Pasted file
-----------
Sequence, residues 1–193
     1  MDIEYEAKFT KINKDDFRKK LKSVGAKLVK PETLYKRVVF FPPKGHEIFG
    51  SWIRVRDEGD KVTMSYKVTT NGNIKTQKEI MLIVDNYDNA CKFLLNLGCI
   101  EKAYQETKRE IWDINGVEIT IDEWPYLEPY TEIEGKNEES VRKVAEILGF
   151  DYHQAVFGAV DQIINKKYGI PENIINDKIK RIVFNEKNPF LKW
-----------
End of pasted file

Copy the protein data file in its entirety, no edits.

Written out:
Sequence, residues 1–193
     1  MDIEYEAKFT KINKDDFRKK LKSVGAKLVK PETLYKRVVF FPPKGHEIFG
    51  SWIRVRDEGD KVTMSYKVTT NGNIKTQKEI MLIVDNYDNA CKFLLNLGCI
   101  EKAYQETKRE IWDINGVEIT IDEWPYLEPY TEIEGKNEES VRKVAEILGF
   151  DYHQAVFGAV DQIINKKYGI PENIINDKIK RIVFNEKNPF LKW